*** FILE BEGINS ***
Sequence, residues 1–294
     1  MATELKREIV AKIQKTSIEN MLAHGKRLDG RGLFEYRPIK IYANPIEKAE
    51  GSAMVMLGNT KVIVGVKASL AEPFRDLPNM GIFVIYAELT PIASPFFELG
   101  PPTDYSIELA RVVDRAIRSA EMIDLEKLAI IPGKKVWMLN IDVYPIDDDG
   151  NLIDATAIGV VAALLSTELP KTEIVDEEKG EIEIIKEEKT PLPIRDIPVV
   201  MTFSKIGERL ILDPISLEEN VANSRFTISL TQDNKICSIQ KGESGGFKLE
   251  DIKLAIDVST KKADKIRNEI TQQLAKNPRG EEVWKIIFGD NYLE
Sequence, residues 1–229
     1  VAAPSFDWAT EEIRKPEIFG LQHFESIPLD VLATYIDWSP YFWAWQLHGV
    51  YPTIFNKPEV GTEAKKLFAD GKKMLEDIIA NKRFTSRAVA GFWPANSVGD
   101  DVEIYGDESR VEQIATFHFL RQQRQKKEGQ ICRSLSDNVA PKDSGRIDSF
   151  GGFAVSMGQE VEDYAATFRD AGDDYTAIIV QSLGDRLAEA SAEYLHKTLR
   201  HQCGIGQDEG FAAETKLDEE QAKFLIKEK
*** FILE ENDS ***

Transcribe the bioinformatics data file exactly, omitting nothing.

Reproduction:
Sequence, residues 1–294
     1  MATELKREIV AKIQKTSIEN MLAHGKRLDG RGLFEYRPIK IYANPIEKAE
    51  GSAMVMLGNT KVIVGVKASL AEPFRDLPNM GIFVIYAELT PIASPFFELG
   101  PPTDYSIELA RVVDRAIRSA EMIDLEKLAI IPGKKVWMLN IDVYPIDDDG
   151  NLIDATAIGV VAALLSTELP KTEIVDEEKG EIEIIKEEKT PLPIRDIPVV
   201  MTFSKIGERL ILDPISLEEN VANSRFTISL TQDNKICSIQ KGESGGFKLE
   251  DIKLAIDVST KKADKIRNEI TQQLAKNPRG EEVWKIIFGD NYLE
Sequence, residues 1–229
     1  VAAPSFDWAT EEIRKPEIFG LQHFESIPLD VLATYIDWSP YFWAWQLHGV
    51  YPTIFNKPEV GTEAKKLFAD GKKMLEDIIA NKRFTSRAVA GFWPANSVGD
   101  DVEIYGDESR VEQIATFHFL RQQRQKKEGQ ICRSLSDNVA PKDSGRIDSF
   151  GGFAVSMGQE VEDYAATFRD AGDDYTAIIV QSLGDRLAEA SAEYLHKTLR
   201  HQCGIGQDEG FAAETKLDEE QAKFLIKEK